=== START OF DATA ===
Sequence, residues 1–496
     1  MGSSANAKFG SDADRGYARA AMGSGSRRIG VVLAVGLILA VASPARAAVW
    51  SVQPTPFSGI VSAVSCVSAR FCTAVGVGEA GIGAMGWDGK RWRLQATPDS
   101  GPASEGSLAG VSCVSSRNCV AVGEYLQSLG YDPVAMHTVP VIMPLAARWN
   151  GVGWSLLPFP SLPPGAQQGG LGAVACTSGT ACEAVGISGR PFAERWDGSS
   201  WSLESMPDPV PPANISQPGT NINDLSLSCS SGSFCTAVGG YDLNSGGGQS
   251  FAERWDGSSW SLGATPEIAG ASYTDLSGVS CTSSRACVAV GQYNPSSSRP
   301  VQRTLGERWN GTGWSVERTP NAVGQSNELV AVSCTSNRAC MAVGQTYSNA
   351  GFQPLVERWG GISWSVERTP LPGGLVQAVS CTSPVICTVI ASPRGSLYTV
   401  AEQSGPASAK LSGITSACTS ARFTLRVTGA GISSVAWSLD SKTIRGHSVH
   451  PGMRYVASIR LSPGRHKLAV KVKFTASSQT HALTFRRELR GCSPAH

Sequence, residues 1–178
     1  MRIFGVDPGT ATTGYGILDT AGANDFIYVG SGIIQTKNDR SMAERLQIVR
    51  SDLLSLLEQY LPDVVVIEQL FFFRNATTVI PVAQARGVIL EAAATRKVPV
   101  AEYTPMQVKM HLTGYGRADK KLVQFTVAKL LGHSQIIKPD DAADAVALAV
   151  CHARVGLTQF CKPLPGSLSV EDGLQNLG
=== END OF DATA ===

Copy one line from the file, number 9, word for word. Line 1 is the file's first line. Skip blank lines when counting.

   351  GFQPLVERWG GISWSVERTP LPGGLVQAVS CTSPVICTVI ASPRGSLYTV